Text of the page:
The cool thing about KoboldTouch autoscaling is that it works transparently. Your nodes will be positioned relative to the design resolution, for example 480×320. The nodes will continue to use the same position on any device! So you just develop these nodes’ positions and their movement as if they were always on a 480×320 device. It’s that simple.

It also works for movement of any kind, be it CCMove* actions or manually updating the position property every frame. Moving nodes continue to move seemlessly even when you rotate the device.

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KoboldTouch now available for less!

On January 8, 2013, in KoboldTouch, by Steffen Itterheim

koboldtouch_softwareboxopentop_250x250While I did the year’s end reports on practically everything, I also ran the numbers on KoboldTouch.

Now that it’s been available for just over two months, I decided to make the $39.95 plan available for everyone which was previously only available to Learn Cocos2D 2 book owners. This plan replaces the $44.95 plan.

The “3-months only” plan is now also down from $44.95 to $39.95.

Check out KoboldTouch here.

Please take the KoboldTouch survey. I highly appreciate your feedback, thank you!

With actual sales figures of the past two months I could see a clear pattern:

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Scaling Cocos2D Node Positions with Display Resolution

On December 27, 2012, in idevblogaday, by Steffen Itterheim

Here’s a quick tip on how to design your scenes so that they scale up to higher resolution displays. For example when your app runs on a widescreen iPhone / iPod touch or on an iPad. This article is not about Retina displays, which use the same coordinate system and merely display higher resolution images.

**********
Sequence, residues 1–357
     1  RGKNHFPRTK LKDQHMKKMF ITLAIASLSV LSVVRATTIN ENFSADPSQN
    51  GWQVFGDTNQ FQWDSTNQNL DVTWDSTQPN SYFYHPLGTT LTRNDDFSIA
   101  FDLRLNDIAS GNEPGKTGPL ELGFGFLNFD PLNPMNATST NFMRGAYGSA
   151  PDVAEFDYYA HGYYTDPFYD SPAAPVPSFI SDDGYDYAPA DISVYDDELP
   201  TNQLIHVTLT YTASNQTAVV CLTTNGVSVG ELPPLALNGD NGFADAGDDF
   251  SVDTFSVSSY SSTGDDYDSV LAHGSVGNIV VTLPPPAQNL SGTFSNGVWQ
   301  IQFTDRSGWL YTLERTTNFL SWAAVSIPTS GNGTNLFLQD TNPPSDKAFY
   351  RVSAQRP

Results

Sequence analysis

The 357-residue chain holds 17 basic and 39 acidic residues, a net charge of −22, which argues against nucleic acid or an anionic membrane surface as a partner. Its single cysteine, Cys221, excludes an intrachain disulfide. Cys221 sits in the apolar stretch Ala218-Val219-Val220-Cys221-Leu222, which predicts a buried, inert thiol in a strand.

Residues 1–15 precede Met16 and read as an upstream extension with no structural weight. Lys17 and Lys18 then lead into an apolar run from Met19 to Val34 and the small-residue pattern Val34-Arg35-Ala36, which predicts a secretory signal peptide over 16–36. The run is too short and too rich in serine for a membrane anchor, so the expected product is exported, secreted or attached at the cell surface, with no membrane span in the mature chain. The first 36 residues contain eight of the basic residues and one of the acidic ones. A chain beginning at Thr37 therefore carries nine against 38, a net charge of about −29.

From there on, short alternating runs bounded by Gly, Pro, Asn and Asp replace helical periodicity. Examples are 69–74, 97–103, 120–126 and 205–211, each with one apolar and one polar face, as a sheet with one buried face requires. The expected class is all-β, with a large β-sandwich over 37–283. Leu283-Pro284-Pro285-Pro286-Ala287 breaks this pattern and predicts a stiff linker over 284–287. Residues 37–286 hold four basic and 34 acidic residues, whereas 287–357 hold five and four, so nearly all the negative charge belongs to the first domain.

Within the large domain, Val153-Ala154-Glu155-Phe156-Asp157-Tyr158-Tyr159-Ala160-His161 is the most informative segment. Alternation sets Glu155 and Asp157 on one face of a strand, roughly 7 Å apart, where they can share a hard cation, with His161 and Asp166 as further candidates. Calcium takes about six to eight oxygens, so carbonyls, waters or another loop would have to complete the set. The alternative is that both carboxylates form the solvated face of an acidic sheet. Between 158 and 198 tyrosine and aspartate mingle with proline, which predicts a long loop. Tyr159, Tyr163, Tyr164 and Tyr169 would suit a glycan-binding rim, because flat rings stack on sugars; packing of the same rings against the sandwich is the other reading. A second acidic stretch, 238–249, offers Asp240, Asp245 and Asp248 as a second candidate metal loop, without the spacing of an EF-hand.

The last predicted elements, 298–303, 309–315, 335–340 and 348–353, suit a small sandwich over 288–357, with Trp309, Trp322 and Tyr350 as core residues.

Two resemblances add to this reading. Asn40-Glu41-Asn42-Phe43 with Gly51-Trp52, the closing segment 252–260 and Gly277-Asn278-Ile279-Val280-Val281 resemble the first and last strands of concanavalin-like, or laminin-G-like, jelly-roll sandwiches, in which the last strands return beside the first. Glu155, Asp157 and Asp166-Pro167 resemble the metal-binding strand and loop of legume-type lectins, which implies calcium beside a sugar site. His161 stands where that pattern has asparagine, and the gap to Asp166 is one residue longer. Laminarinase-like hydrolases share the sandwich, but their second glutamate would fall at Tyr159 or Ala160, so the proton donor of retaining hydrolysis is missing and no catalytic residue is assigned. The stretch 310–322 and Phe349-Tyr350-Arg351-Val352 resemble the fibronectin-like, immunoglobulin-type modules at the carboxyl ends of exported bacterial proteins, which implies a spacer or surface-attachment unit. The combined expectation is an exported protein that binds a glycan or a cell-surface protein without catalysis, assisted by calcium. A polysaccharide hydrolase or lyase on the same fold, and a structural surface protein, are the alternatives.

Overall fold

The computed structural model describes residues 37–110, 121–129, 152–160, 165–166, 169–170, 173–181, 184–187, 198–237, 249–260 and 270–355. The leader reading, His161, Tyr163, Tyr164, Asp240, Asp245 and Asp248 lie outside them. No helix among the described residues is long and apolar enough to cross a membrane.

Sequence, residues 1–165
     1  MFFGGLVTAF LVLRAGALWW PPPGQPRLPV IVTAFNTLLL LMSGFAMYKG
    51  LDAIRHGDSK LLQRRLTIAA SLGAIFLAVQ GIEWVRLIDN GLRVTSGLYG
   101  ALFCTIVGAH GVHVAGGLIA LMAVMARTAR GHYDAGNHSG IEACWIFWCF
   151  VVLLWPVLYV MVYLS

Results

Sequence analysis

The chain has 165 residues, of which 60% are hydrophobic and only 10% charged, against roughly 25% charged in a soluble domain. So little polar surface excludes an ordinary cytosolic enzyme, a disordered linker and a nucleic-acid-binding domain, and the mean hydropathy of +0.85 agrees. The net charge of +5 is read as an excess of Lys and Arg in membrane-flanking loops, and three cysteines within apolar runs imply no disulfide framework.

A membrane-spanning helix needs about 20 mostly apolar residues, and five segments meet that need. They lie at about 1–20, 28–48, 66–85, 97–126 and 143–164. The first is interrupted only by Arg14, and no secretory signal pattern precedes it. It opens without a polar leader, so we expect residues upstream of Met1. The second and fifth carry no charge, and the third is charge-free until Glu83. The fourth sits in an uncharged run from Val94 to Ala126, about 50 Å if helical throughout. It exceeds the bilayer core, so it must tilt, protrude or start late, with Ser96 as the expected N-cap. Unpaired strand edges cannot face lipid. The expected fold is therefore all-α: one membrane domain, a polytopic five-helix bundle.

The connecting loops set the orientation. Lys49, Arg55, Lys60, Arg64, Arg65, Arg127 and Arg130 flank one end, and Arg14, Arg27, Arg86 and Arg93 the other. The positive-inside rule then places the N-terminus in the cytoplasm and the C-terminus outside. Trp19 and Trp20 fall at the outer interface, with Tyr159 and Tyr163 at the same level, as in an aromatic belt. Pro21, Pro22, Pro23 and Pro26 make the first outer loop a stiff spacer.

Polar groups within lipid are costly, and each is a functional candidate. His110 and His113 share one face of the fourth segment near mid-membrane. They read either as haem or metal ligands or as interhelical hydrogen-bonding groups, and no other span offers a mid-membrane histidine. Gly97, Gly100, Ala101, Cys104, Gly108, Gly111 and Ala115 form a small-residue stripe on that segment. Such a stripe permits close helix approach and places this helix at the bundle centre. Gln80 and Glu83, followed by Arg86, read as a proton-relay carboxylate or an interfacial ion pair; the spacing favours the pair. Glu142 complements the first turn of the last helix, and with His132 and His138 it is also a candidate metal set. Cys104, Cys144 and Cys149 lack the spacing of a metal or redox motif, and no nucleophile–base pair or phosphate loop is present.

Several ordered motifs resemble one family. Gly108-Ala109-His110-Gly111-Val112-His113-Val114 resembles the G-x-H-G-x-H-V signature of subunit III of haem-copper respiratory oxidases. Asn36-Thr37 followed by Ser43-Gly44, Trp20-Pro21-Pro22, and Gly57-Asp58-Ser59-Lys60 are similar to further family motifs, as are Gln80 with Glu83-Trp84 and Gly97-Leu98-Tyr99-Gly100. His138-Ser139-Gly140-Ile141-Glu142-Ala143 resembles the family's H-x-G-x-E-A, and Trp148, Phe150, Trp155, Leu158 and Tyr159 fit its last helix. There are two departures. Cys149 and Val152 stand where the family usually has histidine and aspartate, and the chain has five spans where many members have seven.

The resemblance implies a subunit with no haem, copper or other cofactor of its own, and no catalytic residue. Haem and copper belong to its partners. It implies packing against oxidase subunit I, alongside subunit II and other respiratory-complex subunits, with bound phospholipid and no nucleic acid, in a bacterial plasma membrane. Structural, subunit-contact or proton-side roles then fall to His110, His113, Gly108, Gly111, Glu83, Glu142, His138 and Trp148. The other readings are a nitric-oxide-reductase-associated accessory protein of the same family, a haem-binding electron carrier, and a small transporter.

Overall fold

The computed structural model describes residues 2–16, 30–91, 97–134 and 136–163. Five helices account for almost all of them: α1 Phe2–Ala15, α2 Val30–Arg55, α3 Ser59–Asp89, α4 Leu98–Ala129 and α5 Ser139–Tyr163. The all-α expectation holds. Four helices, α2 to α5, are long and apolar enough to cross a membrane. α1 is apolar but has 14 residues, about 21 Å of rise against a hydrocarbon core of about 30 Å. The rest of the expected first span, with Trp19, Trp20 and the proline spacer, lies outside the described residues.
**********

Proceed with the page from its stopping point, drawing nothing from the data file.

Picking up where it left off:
Design for the lowest supported resolution

First, design your game to the lowest device/window resolution that your app supports. In most cases this will be the 480×320 points used by the majority of iPhones.

Contrary to images, you always want to scale your designed screen layouts up and never down. This is because upscaled screens will always fit on the device’s display, with more or less additional spacing between the nodes. Downscaling however might cause screen elements to overlap, which is hard to fix if you don’t see the overlap in the resolution you design for.

It’s also easier to make manual changes to upscaled screen layouts than it is for downscaled screen layouts.

Calculate the scaling factor

By dividing the current device/window size with the resolution you designed for, you get the scaling factor by which you have to multiply positions. This is a simple wrapper you can use:

To make a node’s position resolution independent, use the position you would use for a 480×320 screen and scale it up:

This even works for autorotation. If you use NSNotificationCenter to receive orientation change events, you can use the scalePoint method with the current position to generate the node’s position after the rotation happened. You can try by simply changing the designSize to {320, 480} and setting the app’s default orientation to Portrait.


Of course it’s entirely up to you what makes sense, which nodes can be scaled and which should not. For example squeezing a landscape app in portrait mode is possible, but it simply won’t make for a good user experience. However scaling HUD elements that should be aligned with one side of the screen so that they automatically stick to the side of the screen (ie widescreen iPhones, iPad) would be a huge timesaver.

If you update your node’s positions manually in order to move them, then you may have to also scale the amount by which the node moves. It’s easy to do by multiplying the movement vector with the same scale factor.

This won’t work well for actions, which may run faster (or sometimes even slower) depending on window size and aspect ratio. But it’ll work with actions nonetheless if you also apply the scale factor to the target position.

Another issue to watch out for is to accidentally scale up a position, and then scale it up again. This can happen if you’re not careful when updating more complex algorithms or dependencies where more than one method updates the node’s position. The best way to avoid that is to ignore scaling until just before the screen is drawn. You could override the draw or visit method (don’t forget to call super) and scale the position:

After drawing is complete you could then reset the position back to its original by dividing by the scale factor. I’ll leave it up to you to add a convenience method for that. That would make the position scaling completely transparent to your app and you could simply consider all screens to be in the designed for resolution.